Now let’s look at The Mandalorian. Of course, it is a Star Wars show and Star Wars is obviously a major source, but that source is a starting point. And it’s not the only starting point. This is the big thing here, The Mandalorian is MORE than just a Star Wars story because it draws from so much more than just Star Wars. It’s a western at heart. A science-fiction western featuring alien species, spaceships, and the force, but a western, nonetheless. From Mando’s tilted stance and draped cape that are clear nods to Clint Eastwood’s “Man with No Name,” to its cantina showdowns. Mando is the mysterious lone gunman, wandering from town to town and running into trouble each time. He’s quick to the draw. He’s fearless. Like a Ronin, a masterless samurai on a quest. And Mando’s similarities to both a lawless western gunslinger and a wandering samurai are no accident. The lore and mythos of these two genres are deeply intertwined. We wouldn’t have the spaghetti westerns that we remember without those classic samurai films laying the groundwork and we wouldn’t have The Mandalorian, either. And while we can see influences and references to samurai cinema throughout The Mandalorian, like in “Chapter 4: Sanctuary” which is essentially a direct, shortened adaptation of Seven Samurai, and “Chapter 13: The Jedi” which ditched the blasters for a “Shogun-esque” lightsaber showdown, it’s impossible to ignore the clearest and most prominent influence of all. Lone Wolf and Cub. The iconic film series and Manga that follows a lone assassin for hire traveling from place to place and accompanied only by his infant son in a baby carriage that’s outfitted with swords and guns, and yes it’s as awesome as it sounds.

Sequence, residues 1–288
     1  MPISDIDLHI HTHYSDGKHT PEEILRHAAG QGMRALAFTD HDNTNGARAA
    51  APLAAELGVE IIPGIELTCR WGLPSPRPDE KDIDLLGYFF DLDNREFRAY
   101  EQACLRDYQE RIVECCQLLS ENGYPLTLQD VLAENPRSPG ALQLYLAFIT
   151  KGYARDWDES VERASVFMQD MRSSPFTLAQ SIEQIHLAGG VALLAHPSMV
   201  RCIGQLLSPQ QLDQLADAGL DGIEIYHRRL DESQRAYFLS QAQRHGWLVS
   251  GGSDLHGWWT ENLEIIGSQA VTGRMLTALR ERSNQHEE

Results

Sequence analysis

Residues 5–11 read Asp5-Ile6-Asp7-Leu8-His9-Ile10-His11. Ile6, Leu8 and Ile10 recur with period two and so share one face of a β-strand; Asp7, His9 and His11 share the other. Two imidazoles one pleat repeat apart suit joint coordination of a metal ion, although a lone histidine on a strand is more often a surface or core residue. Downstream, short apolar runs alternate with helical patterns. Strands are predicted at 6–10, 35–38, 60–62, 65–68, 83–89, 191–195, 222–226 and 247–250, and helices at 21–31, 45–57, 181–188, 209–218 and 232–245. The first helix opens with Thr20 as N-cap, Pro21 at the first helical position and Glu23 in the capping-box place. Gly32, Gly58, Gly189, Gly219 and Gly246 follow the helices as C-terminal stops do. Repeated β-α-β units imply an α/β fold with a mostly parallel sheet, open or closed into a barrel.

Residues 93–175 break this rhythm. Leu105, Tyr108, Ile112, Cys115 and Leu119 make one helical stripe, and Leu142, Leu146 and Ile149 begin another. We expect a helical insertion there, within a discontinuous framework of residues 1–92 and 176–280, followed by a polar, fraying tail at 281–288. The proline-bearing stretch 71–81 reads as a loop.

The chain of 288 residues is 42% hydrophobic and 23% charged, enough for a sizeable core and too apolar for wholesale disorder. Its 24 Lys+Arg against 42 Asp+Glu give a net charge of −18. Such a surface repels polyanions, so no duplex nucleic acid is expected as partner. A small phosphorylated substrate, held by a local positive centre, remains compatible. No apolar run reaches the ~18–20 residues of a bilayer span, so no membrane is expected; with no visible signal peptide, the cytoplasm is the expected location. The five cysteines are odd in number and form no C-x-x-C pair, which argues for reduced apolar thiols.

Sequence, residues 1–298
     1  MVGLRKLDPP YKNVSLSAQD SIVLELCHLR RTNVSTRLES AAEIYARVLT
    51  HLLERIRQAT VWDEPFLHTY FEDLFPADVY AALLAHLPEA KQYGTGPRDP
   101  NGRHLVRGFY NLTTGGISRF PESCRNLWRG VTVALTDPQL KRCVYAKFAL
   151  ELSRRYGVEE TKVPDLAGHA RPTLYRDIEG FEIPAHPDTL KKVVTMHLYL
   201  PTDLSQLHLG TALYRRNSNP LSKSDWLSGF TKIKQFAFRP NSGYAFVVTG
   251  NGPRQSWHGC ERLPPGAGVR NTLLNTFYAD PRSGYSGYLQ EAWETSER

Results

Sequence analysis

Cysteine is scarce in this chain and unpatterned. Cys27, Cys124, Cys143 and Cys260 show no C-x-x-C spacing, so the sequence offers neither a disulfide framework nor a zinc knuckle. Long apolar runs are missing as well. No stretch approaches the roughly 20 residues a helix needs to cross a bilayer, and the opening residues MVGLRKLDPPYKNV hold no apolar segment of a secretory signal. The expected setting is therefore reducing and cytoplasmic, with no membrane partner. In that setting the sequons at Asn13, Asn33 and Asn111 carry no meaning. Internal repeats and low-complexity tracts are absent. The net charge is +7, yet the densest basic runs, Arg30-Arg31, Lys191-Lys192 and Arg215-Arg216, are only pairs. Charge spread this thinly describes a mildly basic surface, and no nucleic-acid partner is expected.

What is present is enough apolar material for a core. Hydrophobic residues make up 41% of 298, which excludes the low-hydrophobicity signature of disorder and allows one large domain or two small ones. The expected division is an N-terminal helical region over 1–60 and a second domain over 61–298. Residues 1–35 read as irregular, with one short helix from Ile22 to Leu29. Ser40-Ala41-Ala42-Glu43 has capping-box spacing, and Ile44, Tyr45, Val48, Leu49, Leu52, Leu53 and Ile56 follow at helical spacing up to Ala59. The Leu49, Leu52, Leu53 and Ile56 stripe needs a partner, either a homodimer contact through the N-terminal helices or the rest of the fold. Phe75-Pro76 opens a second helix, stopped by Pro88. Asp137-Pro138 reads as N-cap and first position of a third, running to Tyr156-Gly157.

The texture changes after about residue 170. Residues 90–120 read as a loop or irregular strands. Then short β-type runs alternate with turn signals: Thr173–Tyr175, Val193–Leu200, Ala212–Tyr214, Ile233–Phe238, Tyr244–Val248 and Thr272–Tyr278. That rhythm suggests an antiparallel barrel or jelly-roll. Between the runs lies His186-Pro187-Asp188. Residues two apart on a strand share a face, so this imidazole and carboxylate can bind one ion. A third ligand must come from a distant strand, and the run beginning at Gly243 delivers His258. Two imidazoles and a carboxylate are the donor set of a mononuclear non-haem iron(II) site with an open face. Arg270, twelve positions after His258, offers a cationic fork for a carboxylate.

To be clear The Mandalorian isn’t the first Star Wars film to draw from Samurai and Western influences. George Lucas has openly credited 1958’s The Hidden Fortress another Kurosawa classic, as being a major influence on his original trilogy. But why this works so well isn’t necessarily BECAUSE it’s a western, or a samurai epic, or… whatever. It’s because the story came first. For the sequel trilogy, they returned to the same “creative well” over and over again, reusing and rehashing things we’d already seen before. The movies were essentially pieced together moments of forced nostalgia. Too afraid to vary from their original source, until they’d run that source… that creative well… dry.
When you draw inspiration from things you love and use those inspirations to craft a story that you care about, the product is going to be better. Now you take that story, and you transplant it into the world of Star Wars, and then… well and then you’ve got something. Of course, this won’t work without great characters which leads us to “Pillar Number 2: Characters.”